Daily Tips

Tip #139: Read this Susan Howe poem

Susan Howe is an American writer from Boston whose poems have pushed the limits of language and structure for over 40 years. We love poetry and are fans of Howe’s work, much of which is impossible to print properly on the internet. We recommend checking out Frame Structures: Early Poems 1974-1979, which contains “Cabbage Gardens,” one of our favorites, to get a sense for the depth and form of her work. “Cabbage Gardens” is long, but thankfully the mighty Poetry Foundation has excerpted part of it on their site, which we’re going to reproduce here. Enjoy!

The past
will overtake   
alien force   
our house   
formed
of my mind   
to enter
explorer
in a forest   
of myself
for all
my learning   
Solitude
quiet
and quieter   
fringe
of trees
by a river
bridges black   
on the deep   
the heaving sea   
a watcher stands
to see her ship   
winging away   
Thick noises
merge in moonlight   
dark ripples   
dissolving
and
defining
spheres
and
snares

             Place of importance as in the old days
stood on the ramparts of the fort
                                                 the open sea outside   
alone with water-birds and cattle
                        knee-deep in a stream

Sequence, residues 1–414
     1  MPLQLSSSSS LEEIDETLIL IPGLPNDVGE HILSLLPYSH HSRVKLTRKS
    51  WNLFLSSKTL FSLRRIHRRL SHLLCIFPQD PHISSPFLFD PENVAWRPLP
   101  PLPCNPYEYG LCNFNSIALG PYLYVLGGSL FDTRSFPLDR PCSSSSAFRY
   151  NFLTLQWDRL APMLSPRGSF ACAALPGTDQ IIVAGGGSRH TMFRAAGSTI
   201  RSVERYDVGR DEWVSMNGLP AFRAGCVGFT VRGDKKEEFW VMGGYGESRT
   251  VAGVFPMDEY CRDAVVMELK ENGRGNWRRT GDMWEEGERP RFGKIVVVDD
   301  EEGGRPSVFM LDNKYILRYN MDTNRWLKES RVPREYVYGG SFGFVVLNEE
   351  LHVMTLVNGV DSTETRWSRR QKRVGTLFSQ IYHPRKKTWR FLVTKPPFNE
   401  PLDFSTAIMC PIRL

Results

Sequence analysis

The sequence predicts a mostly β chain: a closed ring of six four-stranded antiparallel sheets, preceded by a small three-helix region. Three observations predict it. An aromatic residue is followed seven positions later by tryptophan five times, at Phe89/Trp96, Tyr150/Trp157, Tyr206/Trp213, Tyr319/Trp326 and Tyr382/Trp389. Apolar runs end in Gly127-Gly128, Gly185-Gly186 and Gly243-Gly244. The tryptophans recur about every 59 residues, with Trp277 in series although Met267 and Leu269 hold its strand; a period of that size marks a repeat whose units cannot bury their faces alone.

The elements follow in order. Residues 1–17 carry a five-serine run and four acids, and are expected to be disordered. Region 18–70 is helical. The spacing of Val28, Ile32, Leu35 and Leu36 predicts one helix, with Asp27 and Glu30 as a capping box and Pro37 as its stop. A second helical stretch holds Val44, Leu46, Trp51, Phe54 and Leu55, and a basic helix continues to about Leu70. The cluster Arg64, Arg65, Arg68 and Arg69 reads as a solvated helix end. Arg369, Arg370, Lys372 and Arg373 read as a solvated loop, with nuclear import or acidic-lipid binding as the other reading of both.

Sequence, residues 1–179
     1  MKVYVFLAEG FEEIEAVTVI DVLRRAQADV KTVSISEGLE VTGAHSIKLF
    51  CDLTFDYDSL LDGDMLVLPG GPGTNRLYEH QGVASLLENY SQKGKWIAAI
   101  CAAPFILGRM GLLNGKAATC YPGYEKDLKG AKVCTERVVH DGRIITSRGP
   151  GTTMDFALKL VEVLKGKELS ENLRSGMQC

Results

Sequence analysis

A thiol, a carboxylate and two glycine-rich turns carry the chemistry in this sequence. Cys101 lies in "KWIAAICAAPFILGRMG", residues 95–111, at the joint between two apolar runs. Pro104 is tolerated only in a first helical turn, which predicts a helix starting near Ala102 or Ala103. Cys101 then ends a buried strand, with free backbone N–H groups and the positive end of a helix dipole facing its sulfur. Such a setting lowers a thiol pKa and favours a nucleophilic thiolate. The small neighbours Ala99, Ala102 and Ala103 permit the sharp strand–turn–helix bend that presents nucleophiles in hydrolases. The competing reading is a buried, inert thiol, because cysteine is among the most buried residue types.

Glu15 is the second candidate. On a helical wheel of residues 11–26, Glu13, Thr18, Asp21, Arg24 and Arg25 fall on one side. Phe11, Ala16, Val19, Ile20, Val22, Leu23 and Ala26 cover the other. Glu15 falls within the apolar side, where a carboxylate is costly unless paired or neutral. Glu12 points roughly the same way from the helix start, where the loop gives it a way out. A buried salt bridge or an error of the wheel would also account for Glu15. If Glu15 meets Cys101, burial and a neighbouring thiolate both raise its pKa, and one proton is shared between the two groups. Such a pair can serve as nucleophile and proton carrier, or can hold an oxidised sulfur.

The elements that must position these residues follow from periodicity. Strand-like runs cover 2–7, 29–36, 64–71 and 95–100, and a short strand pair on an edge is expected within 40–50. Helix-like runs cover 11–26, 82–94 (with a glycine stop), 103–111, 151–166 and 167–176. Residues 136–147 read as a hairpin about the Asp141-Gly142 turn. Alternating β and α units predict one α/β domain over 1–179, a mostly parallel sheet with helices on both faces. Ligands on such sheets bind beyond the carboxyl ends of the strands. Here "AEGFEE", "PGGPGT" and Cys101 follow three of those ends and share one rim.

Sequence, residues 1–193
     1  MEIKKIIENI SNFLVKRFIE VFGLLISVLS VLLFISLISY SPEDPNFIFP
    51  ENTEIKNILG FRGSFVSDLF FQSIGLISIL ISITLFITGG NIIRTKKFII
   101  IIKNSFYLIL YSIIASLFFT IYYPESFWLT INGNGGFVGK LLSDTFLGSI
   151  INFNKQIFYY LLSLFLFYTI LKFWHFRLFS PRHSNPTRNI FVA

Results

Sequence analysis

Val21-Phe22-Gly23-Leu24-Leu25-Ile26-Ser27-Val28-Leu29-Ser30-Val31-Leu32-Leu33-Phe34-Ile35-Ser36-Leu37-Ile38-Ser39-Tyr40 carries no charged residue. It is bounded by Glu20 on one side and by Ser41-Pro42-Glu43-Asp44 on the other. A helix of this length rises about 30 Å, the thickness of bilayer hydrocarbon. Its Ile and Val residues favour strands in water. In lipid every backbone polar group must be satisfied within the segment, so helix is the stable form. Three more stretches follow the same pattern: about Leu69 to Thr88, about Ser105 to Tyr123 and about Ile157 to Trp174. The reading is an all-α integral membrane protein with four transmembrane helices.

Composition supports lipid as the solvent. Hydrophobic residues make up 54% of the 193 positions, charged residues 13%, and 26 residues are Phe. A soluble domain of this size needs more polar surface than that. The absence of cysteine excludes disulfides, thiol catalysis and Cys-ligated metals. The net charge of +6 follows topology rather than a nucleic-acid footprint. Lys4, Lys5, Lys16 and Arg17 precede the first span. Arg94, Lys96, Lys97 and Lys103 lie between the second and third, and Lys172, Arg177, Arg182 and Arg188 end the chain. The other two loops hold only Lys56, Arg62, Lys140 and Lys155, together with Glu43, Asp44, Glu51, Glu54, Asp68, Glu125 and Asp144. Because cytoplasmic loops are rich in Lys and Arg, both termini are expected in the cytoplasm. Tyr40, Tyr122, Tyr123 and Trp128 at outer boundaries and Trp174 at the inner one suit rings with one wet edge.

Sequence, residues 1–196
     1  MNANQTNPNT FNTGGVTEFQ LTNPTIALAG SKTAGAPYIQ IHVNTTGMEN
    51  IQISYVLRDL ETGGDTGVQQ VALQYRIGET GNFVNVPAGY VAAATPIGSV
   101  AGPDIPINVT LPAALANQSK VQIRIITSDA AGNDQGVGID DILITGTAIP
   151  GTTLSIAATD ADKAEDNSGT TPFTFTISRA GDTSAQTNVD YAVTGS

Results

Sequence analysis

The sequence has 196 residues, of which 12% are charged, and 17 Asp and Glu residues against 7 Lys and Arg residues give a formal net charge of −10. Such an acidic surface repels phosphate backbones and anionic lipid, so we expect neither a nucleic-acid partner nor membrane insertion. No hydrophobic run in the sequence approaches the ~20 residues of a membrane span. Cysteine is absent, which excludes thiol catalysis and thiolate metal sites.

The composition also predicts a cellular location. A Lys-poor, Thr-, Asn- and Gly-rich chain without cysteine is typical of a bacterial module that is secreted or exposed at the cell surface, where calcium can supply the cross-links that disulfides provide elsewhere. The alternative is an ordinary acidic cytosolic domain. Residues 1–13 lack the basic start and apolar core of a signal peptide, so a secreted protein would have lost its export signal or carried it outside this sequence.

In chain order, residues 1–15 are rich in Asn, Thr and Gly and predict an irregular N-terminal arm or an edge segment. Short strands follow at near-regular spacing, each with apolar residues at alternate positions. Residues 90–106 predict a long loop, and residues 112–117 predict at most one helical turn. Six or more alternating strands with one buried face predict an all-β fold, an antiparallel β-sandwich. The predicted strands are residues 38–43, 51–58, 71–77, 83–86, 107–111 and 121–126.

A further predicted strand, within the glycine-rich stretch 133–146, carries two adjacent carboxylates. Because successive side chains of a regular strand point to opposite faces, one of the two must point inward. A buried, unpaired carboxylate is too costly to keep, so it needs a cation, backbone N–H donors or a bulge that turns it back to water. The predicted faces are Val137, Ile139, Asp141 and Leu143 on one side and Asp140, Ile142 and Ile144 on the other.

grove of reeds
               herons watching from the bank
henges
      whole fields honeycombed with souterrains   
human
                        bones through the gloom
       whose sudden mouth
surrounded my face
                      a thread of blue around the coast   
                                                         feathery moon   
eternity swallows up time
                                     peaceable as foam
                        O cabbage gardens
summer’s elegy
                        sunset survived

Susan Howe, excerpt from “Cabbage Gardens” from Frame Structures: Early Poems, 1974-1979. Copyright © 1974, 1975, 1978, 1979, 1996 by Susan Howe.

Source: Frame Structures: Early Poems 1974-1979 (New Directions Publishing Corporation, 1996)

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